1. Reduce consumption and reduce waste—not just of fossil fuels but of energy overall and of raw materials, almost all of which require energy to exploit and transport. Reducing consumption is vital in making the goal of 100% renewable electricity achievable, both to reduce the amount of renewable power we need to generate and because it will greatly reduce the cost of installing it. Such reduction will need to be planned in order to make sure that new jobs and opportunities demanded by renewable energy are brought on even as jobs dependent on cheap, abundant energy are removed by depletion. Americans need to become energy smart and self-reliant again—these were once defining aspects of the American character, and need to be revived. (Ed. Note: See Energy: Use Less–Save More by Jon Clift and Amanda Cuthbert) 2. Share—sharing things we do not use all the time can dramatically reduce consumption. For instance, we can reduce the energy we use for transportation by sharing both trips and vehicles. Such savings are already being achieved by ride-sharing and car-pooling, and more recently by membership-based car-sharing services. Public transportation, especially when widespread, frequent, cheap and regularly scheduled—and thus widely used—is also a highly efficient form of sharing vehicles. It has the further great advantage being much easier to power with electricity. Sharing is already an integral part of our energy use. The electricity grid itself is a system of sharing and balancing electricity production and load, but it’s outdated and excessively wasteful. We will need to re-engineer both the physical structure of the grid to make it easier to add all kinds of distributed power sources, and we will need to make the actual wires open to the public so that local power produced by businesses and homes can be added with economic advantage to both the user and the nation. In general, if we share more, we will use less energy while building a self-sufficient and efficient society and economy. (Ed. Note: See The Citizen-Powered Energy Handbook: Community Solutions to a Global Crisis by Greg Pahl) 3. Diversify sources of electricity, both in terms of generator size and location, concentrating on whatever renewable resources are locally available, such as wind, sun, biomass, geothermal, tides, and waves. There will be no single “silver bullet” renewable energy technology that works everywhere all the time; therefore harnessing efficient, practical, and abundant local sources will be vital. One of the best options for generation in many parts of the US is solar photovoltaic panels (PV). The solar industry in the US has suffered from a very unstable tax credit environment, and currently PV panel production in the US is minuscule by comparison with that of Europe and the Far East. The negative economic climate for US PV production must be addressed urgently by government. (Ed. Note: See The New Ecological Home: A Complete Guide to Green Building Options by Daniel D. Chiras) 4. Distribute electricity production so that households, businesses, and communities produce more of their own power. This reduces transmission losses, is good for the local economy, and builds community resilience against shortfalls and price spikes of any one energy resource. Achieving this distribution will require many creative and large-scale means of financing, often involving government help. It will also require fast-track permitting, changes in legislation and the power grid to allow easy grid access, as well as changes in the structuring of many existing utilities. (Ed. Note: See The Citizen-Powered Energy Handbook: Community Solutions to a Global Crisis by Greg Pahl) 5. Store electricity better. We need to develop much better and more abundant electricity storage technology because most of the best renewable energy sources are intermittent (even if in quite predictable patterns). There are many different ways of storing electricity, but none of them is cheap or easy, and most of them are very expensive and in immediate need of much more research and development. In particular, battery technology, especially at large scale, is still very far from perfected, and America lags far behind the Far East in research, development, and production. This situation needs to change urgently. (Ed. Note: See Major Solar Power Breakthrough: Scientists Mimic Plants’ Energy Storage )Read the full article here.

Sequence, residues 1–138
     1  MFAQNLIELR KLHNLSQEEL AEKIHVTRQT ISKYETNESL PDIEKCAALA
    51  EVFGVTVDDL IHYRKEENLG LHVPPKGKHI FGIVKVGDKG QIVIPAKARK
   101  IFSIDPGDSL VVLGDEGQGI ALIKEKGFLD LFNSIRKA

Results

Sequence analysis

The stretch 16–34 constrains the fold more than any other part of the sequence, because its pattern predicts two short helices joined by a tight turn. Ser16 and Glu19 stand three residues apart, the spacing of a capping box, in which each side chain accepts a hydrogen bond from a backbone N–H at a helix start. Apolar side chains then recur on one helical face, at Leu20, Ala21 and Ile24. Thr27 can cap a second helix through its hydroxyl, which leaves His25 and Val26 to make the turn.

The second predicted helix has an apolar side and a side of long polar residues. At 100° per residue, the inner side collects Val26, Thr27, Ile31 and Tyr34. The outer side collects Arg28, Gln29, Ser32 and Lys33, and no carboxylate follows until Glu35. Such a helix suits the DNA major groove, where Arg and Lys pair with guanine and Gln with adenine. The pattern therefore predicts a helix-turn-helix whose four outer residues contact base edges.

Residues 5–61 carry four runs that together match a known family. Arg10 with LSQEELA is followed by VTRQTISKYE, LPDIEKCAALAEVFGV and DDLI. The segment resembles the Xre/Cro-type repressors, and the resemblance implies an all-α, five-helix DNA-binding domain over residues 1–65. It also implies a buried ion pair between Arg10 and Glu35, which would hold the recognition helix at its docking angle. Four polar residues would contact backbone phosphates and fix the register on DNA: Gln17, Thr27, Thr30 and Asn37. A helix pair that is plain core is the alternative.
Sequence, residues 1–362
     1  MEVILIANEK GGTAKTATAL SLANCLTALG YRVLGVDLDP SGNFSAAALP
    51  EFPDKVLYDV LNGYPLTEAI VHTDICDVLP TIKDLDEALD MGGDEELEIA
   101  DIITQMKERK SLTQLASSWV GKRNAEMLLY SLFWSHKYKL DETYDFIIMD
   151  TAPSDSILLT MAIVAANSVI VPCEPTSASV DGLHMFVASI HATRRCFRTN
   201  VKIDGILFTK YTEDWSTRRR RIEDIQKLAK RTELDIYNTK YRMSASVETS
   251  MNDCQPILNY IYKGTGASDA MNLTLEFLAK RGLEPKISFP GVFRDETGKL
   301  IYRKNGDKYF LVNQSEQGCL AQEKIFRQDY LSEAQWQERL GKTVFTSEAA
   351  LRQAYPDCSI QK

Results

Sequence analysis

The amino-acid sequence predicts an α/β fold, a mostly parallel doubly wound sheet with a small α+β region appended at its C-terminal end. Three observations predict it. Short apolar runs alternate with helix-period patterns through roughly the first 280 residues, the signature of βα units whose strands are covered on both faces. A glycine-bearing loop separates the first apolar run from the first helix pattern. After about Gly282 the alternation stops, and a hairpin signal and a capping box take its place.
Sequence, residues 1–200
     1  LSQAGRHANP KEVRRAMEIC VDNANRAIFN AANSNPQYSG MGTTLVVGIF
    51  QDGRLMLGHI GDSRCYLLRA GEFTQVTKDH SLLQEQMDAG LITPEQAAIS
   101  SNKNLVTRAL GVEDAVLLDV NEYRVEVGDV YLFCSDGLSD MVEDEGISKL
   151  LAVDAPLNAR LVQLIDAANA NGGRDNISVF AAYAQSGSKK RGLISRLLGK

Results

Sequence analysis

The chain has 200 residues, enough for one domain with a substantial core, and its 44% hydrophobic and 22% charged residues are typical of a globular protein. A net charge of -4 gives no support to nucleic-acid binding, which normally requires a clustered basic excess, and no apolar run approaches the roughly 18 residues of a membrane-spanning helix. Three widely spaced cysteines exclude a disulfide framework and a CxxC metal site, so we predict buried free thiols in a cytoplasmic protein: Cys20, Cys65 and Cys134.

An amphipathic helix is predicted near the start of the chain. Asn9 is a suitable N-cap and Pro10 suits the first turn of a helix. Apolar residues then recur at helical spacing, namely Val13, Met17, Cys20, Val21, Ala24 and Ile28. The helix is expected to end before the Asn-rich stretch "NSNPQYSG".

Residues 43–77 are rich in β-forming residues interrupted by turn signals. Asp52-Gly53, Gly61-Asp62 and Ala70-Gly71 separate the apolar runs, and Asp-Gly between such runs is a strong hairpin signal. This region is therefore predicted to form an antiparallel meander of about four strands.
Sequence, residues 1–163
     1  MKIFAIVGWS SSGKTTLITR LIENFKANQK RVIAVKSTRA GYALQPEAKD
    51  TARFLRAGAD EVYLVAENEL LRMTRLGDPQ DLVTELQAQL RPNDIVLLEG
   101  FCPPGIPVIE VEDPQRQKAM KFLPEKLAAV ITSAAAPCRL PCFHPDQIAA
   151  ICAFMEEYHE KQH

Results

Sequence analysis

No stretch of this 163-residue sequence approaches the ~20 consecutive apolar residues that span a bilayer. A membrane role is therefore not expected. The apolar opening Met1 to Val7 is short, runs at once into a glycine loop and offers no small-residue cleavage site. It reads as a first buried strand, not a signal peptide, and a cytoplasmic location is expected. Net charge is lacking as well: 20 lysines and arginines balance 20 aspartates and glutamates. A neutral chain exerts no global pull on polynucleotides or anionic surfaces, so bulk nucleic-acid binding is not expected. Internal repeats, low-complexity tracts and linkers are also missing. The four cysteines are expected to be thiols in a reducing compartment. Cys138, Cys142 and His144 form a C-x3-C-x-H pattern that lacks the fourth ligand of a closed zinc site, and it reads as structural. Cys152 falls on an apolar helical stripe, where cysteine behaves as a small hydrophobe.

It seems the Post Carbon Institute is as excited to push toward meeting Al Gore’s challenge  as we are. Julian Darley , the Institute’s Founder and author of High Noon for Natural Gas: The New Energy Crisis, posted an outline to their web site detailing the ten steps the country would need to take in order to meet the goal of producing 100% of our nation’s electricity in 10 years. Here are the first five. For the full ten, visit the article here.